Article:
America’s Hollow Economic Recovery
April 17, 2014
Seven years after the onset of the Great Recession, nearly all economists agree that we are in an economic recovery.
So why are things so bad?
A paper by Economic Policy Institute researcher Heidi Shierholz looks at why reports of full economic recovery mask the grim reality for most working Americans.
The stock market and corporate profits have both surpassed pre-recession levels, but few of those gains have trickled down to most households.
At the same time, the job market and wages continue to stagnate.
On job creation, Shierholz writes:
The pace of the jobs recovery has not accelerated significantly since 2011. On average in 2011, the labor market added 175,000 jobs per month. In 2012, it was 183,000 jobs per month. Over the last 12 months for which these data are available (December 2012–November 2013), the labor market added 191,000 jobs per month … At 200,000 jobs per month, pre-recession labor market conditions would not be regained for another five years.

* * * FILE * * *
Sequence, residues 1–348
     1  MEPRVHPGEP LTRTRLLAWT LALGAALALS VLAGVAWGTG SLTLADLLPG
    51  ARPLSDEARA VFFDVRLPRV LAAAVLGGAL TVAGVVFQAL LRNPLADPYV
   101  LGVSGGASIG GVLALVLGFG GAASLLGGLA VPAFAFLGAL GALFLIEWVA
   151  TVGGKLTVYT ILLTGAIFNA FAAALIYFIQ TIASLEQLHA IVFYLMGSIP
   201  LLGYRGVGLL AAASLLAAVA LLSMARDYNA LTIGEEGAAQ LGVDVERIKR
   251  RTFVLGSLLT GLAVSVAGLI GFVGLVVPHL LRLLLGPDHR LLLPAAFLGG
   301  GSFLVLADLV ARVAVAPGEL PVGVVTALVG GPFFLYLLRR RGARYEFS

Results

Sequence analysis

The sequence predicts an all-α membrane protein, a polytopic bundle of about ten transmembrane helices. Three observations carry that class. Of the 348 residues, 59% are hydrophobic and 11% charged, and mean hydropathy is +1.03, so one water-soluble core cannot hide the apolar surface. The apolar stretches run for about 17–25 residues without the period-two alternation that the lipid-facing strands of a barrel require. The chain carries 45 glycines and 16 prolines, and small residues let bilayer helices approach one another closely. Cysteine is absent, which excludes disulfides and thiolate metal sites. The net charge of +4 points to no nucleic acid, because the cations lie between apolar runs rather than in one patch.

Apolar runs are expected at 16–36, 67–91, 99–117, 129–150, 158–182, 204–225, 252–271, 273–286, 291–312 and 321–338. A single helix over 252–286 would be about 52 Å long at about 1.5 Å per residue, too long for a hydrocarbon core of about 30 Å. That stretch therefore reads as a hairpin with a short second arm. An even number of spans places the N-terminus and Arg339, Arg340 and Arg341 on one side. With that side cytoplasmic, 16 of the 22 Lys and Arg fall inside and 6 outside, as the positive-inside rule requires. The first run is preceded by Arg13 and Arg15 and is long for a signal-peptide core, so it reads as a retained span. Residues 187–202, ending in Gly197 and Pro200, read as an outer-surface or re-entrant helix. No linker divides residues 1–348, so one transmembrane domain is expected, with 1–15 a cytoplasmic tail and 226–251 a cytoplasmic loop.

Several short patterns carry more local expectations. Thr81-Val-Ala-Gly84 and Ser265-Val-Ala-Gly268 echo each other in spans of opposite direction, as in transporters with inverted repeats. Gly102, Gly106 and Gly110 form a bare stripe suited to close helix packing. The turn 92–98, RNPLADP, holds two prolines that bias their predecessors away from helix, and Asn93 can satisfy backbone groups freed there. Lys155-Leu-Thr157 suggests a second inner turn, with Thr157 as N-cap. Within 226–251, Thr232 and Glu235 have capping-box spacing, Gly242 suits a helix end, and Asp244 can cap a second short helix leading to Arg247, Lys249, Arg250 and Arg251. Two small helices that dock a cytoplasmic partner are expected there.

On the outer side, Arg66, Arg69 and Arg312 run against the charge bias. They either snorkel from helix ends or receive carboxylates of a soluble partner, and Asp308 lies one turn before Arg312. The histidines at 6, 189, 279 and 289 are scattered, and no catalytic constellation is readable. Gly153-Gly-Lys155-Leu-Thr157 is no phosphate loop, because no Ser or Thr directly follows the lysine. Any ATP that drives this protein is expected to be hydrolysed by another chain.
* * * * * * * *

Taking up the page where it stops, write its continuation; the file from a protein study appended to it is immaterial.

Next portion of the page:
Much of the improvement in the unemployment rate is due to workers dropping out of the labor market altogether. In fact, if all those missing workers were still seeking work, the jobless rate would top 10 percent.
The weak job market also means a drag on wages. Real wages have dropped for 90 percent of workers since 2007.
It is not just job seekers who are hurt by the weak recovery—workers with jobs are also doing much more poorly than they would be if job opportunities were plentiful. This is because when the labor market is weak, employers do not have to pay substantial wage increases to get and keep the workers they need.
What can lawmakers and business leaders do to create an economy that works for everyone? Shierholz has a few suggestions:
Read the whole report here.